Home Opinion Editorial We’re getting tired, but COVID isn’t

We’re getting tired, but COVID isn’t

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By David R. Scrase, M.D., Secretary, Human Services Department;
Denise A. Gonzales, M.D.;
Val Wangler, M.D., FAAFP, Chief Medical Officer, Rehoboth McKinley Christian Health Care Services

We continue to set New Mexico records for ourselves, and nationally, but not the ones we want:

• Daily case counts in the five, six and eight hundred range over the past week, with a trajectory that will take us more than twice as high as our last peak in July.

• Last week we had record daily case counts for every age group, which is particularly worrisome given the fact that patients 50-years of age and over account for most of the hospitalizations.

• Our test positivity rate is now above 5 percent, and approaching 10 percent, the highest since May — meaning we are likely missing cases and that case counts will further accelerate.

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• Our hospitals are filling rapidly, with record numbers of COVID-19 patients, and an increasing number of ICUs are becoming overfull, not only with COVID-19 patients but with patients who have delayed care for other conditions.

• Our modeling team analysis this week projects that we will have filled every one of our 290 baseline ICU beds and every one of our additional 140 contingency ICU beds in the next 2-4 weeks.

• The latest wave in COVID-19 cases is not isolated to the NW area — but includes Central and Southern New Mexico that previously were available to accept surges from NW but now are near capacity.

The experience of Northwest New Mexico and Navajo Nation early in the pandemic shows just how devastating COVID-19 can be when rates of community spread are high.

Abundant research in many types of jobs shows that when people get tired, they make more mistakes. But this isn’t about getting 8 hours of sleep — this is about the chronic fatigue we are all feeling about the pandemic — staying home, wearing masks, limiting social interactions, washing our hands.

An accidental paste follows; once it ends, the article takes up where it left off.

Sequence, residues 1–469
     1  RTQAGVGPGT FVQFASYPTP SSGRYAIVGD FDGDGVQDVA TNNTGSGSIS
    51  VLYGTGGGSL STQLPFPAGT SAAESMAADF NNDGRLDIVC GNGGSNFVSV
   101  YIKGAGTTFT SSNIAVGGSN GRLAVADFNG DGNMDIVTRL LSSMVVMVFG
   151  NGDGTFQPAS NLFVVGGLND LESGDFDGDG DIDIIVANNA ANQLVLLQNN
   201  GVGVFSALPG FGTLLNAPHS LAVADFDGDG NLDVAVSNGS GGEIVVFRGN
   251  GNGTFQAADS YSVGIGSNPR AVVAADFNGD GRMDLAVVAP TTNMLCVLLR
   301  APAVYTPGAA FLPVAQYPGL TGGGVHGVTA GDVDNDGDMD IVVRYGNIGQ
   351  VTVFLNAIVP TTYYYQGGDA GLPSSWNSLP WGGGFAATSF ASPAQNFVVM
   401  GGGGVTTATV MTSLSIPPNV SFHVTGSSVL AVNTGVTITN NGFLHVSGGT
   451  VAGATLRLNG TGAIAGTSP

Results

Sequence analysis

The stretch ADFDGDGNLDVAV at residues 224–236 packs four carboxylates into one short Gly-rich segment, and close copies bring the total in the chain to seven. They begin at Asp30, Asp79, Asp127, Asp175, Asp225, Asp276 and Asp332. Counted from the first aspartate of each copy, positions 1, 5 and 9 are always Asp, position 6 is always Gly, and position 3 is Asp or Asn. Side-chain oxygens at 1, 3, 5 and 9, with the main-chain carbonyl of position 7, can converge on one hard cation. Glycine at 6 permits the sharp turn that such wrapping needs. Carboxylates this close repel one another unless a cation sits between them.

All of us are missing something about life prior to the pandemic.

But we are in a marathon, which is 26.2 miles and by our back-of-the-envelope calculation, we are less than 10 miles into the race. Less than halfway. This prediction receives universal groans. Aargh!

One of the mistakes we all make is underestimating the chances that a COVID infection can occur within our family. Another one is underestimating how serious it can be. And of course, we all may get sick of wearing the mask and standing apart from others. We tell ourselves, “Just this one time. It won’t matter.”

But it all matters. And will continue to matter until a significant percentage of us are immune to the virus. Which means that a significant number of New Mexicans will have received the vaccine and mustered up a sufficient immune response. And most experts predict that will occur in the Fall of 2021. (Feel free to groan again.) Aargh!

We can’t afford to let up in our fight against this virus. We can’t afford to relax right now. We need to ensure that our hospitals have room, not just for those with COVID-19 infections, but for any of us who may need a hospital bed for any other reason. It could mean that your baby cannot be delivered in a hospital, that your loved one with a heart attack or stroke cannot receive care because all hospitals are full. Hospitals overwhelmed with COVID-19 patients hits every citizen when it comes to receiving usual care as well.

No one thinks “it” will ever happen to them, until it happens. Let’s get back to the basics: staying at home, wearing masks, keeping a 6-foot distance from others when we must go out, and frequent hand washing and using hand sanitizer.

Recent data suggests that the COVID virus can live on human skin for 9 hours but is completely eradicated in 15 seconds by alcohol-based hand sanitizer.

When all New Mexicans do these things, when we all fight back together, we push the virus back, and the daily case counts, hospitalizations, and deaths drop. Our modeling suggests that if we don’t change course, if we don’t act today, that we can expect over 1,000 daily cases and could double or triple our number of deaths by the end of this year.

The almost 1,000 New Mexico families who have empty places at their dinner table know the pain and loss that COVID-19 can bring, because it has happened to them. Let’s do all we can to make sure that it does not happen to our own families and our own communities.

We can do this, New Mexico.